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Sitting on the bench on our patio, sipping

our peppermint teas one August morning,

we saw five buzzards leisurely circling

the church spire, a quintet of raptors,

four of a kind – and a joker for crows

and jackdaws to mob. But what is the prey

in this suburb for so many to survive?


The Romans built a road from Deva

to the salt pans on the plain over this heath

and its brook and through its hollows. Heather

and gorse, under the Normans, became

a habitat for outlaws – until

the overgrown road was used for droving beasts

in their hundreds, thousands to market.

Prisoners of the ‘45 were tried

where the brook turns north. When the railways came,

developers built villas and terraces –

between the wars, semis. Bedsits and druggies

arrived. But we are gentrified now –

sharing with the Brown Rat our good fortune.


The first buzzard I ever saw was perched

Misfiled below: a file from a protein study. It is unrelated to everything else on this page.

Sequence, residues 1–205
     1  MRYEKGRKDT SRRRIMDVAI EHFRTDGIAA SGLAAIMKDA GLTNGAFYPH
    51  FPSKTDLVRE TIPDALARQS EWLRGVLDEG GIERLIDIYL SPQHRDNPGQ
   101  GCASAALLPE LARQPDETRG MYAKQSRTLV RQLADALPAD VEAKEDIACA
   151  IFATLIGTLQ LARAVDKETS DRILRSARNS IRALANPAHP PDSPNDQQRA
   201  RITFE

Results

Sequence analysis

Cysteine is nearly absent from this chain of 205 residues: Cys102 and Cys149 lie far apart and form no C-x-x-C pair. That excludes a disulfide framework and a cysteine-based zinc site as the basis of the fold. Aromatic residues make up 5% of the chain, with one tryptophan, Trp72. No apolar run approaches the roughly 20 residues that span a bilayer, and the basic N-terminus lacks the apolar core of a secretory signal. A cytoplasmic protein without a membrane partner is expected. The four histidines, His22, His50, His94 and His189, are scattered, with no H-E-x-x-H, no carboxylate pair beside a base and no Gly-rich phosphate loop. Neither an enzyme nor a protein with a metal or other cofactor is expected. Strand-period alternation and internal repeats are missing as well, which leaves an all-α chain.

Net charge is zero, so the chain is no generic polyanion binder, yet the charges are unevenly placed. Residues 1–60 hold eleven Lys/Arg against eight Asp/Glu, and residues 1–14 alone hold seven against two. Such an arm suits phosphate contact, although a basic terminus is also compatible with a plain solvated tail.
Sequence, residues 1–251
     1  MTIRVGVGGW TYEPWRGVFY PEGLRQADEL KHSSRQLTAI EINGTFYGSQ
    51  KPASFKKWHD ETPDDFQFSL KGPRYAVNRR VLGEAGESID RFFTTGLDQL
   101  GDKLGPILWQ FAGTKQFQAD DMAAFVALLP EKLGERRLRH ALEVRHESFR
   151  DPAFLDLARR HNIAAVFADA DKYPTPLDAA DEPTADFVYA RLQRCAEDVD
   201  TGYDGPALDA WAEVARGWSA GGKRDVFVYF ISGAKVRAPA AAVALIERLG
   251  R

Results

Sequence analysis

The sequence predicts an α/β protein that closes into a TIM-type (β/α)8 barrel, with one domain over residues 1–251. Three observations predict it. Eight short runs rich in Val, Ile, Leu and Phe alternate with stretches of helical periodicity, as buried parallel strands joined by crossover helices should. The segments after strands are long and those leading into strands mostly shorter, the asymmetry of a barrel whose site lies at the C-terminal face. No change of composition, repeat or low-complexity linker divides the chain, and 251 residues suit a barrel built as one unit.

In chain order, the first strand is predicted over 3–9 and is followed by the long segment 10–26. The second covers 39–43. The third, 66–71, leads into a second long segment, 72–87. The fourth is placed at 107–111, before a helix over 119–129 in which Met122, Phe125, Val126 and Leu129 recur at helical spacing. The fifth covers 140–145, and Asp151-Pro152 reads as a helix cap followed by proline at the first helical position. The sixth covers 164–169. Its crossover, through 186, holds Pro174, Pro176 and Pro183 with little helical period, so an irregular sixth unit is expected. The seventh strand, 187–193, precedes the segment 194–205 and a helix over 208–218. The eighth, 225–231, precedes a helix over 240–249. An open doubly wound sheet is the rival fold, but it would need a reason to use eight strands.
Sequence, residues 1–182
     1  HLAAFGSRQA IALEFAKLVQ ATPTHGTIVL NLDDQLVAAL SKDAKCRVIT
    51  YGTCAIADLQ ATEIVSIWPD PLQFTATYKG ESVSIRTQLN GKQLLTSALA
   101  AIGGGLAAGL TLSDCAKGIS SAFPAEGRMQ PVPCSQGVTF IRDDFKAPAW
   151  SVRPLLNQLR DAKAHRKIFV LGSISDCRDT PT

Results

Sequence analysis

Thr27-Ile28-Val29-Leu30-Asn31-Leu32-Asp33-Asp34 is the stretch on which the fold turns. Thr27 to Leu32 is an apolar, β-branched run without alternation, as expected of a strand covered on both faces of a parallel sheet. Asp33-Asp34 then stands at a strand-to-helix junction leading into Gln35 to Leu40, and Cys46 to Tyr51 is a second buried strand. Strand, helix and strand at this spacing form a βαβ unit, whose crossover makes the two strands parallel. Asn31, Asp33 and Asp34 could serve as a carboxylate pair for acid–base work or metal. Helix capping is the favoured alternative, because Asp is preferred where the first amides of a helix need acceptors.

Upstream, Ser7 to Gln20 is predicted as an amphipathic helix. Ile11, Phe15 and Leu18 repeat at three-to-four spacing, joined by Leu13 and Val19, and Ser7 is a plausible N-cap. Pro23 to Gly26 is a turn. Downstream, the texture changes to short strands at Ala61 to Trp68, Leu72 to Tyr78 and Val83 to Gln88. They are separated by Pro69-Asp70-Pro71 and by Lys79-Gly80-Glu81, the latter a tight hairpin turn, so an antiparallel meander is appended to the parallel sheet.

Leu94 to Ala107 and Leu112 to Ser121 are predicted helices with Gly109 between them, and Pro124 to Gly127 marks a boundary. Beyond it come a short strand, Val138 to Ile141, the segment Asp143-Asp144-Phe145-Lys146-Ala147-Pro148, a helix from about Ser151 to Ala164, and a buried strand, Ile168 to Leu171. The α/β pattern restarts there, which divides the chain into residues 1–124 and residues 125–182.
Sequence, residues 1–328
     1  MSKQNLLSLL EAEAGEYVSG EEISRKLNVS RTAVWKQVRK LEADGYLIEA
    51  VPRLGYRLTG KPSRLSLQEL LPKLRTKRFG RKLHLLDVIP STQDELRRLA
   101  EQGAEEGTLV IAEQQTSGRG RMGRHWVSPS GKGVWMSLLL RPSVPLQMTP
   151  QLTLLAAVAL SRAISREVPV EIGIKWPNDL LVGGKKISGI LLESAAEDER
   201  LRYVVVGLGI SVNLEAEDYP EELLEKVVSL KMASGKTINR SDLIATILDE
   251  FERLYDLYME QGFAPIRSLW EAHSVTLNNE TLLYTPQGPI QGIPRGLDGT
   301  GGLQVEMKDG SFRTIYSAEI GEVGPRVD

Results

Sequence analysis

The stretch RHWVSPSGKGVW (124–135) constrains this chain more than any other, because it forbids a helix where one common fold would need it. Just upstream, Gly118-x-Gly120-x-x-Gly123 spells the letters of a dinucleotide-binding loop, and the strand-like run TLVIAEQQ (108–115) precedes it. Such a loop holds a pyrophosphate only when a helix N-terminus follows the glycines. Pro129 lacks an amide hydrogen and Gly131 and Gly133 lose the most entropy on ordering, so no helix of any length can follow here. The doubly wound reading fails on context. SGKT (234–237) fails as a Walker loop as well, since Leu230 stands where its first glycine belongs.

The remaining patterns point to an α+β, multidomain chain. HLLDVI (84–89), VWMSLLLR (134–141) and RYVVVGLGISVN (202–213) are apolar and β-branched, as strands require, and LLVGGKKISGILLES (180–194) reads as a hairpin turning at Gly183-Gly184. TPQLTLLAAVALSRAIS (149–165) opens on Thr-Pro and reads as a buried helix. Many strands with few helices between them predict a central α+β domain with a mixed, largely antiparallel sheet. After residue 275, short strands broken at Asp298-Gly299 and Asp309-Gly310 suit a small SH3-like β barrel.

in an oak in the Ogwen Pass. Gamekeepers’

poison, myxie rabbits and pesticides

had all but extinguished them from the lowlands.

The gamekeepers went to war, 5 per cent

of the rabbits survived, pesticides

were regulated and these predators

thrived, needing less sustenance per day

than kestrels or sparrow hawks or kites –

being ambushers and opportunists.

So, here’s to the buzzards and the rats –

and us, lords of them all!




© Copyright David Selzer
2 Responses
  • Ian Craine
    August 24, 2016

    Another lovely poem. That mysterious Flookers Brook appearing and disappearing through my childhood. Past allotments long gone. Culverted, hidden away, but still there, ever flowing beneath us.

  • Mary Clark
    September 3, 2016

    Good title. Wry sense of humor.

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